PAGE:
A number of recent Tribunal cases have concerned the Seed Enterprise Investment Scheme (SEIS) and the Enterprise Investment Scheme (EIS). We have included a synopsis below of two recent cases.

Case 1: GDR Food Technology Ltd v HMRC

The First-Tier Tribunal examined an appeal by GDR Food Technology Ltd against HMRC’s refusal to authorise the issue of a compliance certificate under the SEIS. In this case we learn that the appellants’ accountants had made an expensive mistake by completing and submitting forms to HMRC asking for EIS approval when in fact what the company was seeking was approval for an SEIS scheme.

Realising their mistake, the accountant wrote to HMRC stating that they wished to withdraw their application under the EIS on the grounds that: ‘… the wrong form was completed and signed by my client. It was purely a simple error and form Seed Enterprise Investment Compliance Statement should have been completed.’

The Tribunal had some sympathy for the taxpayer and accepted that this could have been a genuine mistake. However, the length of time that elapsed before the mistake was discovered was significant and the Tribunal upheld HMRC’s decision to refuse to authorise the change in application from an EIS to SEIS. This was a costly error that means the investors only received Income Tax relief at 30% (rather than 50%).

Case 2: Flix Innovations Ltd v HMRC

In another recent case, the taxpayer Flix Innovations Limited, appealed HMRC’s decision that EIS relief was not available as one class of ordinary shares issued carried a preferential right to assets on a winding up. The First-Tier Tribunal agreed that HMRC were correct in its refusal to issue certificates confirming that the ordinary shares in question could benefit from EIS relief.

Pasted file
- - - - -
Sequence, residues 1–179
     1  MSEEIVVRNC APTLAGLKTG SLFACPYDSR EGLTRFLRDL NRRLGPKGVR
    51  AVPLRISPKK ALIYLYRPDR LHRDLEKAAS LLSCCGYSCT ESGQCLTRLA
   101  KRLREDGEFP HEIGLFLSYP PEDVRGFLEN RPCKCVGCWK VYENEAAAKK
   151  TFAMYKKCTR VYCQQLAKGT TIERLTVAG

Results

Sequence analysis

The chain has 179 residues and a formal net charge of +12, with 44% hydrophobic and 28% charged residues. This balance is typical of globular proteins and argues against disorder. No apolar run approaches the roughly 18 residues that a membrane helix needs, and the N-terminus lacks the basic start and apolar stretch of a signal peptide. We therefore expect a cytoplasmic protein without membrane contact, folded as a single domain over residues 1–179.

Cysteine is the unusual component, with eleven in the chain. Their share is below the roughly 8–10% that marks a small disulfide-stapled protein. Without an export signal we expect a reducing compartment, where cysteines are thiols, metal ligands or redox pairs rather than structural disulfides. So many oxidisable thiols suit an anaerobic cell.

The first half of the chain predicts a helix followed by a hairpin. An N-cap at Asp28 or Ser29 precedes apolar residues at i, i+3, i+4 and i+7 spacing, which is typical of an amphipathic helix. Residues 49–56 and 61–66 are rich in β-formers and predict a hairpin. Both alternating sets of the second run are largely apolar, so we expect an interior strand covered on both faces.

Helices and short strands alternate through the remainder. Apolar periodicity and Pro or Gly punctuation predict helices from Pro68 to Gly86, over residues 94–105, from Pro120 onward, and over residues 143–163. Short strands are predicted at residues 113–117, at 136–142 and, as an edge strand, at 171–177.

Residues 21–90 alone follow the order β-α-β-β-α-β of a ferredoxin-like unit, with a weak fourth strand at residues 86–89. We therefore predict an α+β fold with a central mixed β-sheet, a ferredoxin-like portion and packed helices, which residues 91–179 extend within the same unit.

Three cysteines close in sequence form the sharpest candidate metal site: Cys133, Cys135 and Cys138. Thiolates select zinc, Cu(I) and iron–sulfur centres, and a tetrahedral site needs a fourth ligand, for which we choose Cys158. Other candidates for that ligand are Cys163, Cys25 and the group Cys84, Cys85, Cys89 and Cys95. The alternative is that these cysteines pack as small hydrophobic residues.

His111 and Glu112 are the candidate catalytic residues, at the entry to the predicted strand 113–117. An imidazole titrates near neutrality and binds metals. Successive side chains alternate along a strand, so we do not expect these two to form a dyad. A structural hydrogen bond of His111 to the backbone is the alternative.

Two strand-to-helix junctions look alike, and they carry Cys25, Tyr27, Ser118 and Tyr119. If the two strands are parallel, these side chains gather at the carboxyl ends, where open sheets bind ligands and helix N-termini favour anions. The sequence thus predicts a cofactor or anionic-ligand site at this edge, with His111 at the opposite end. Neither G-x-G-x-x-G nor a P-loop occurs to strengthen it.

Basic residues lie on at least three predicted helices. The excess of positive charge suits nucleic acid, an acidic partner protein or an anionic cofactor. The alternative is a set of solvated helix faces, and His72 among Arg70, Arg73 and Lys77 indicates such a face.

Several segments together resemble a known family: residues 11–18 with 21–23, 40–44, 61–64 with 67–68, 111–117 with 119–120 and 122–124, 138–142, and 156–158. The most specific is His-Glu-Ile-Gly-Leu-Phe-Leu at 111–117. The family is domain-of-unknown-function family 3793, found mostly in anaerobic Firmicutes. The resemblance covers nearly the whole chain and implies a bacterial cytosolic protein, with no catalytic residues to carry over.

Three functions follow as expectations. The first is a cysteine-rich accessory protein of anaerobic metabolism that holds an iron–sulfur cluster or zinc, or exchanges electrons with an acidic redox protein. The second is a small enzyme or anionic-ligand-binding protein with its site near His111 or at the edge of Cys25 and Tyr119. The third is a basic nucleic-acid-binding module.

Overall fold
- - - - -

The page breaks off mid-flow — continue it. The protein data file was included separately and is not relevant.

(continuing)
The decision was made on the grounds that the shares did carry a present or future preferential right to the company’s assets on a winding up and were therefore non-qualifying. The taxpayer appealed this decision to the Upper Tribunal. The decision was confirmed by the Upper Tribunal who reached the same conclusion as the First-Tier Tribunal and for similar reasons. Yet again, in this case the EIS rules have not been properly considered and the taxpayer has lost his case.

If you are looking to raise money using either the SEIS or EIS, please get in touch with us. We are very experienced in ensuring that the process is handled effectively and that the right structures are in place to ensure the scheme in question is compliant with the legislation and HMRC’s rules.

Use the experts at Key Business Consultants to get the process and applications correct from the outset. We look forward to hearing from you.

Do you have any questions about eis, personal tax, seis or venture capital trusts?

If you would like to find out more, we would be more than happy to arrange a free no obligation meeting with you at your office.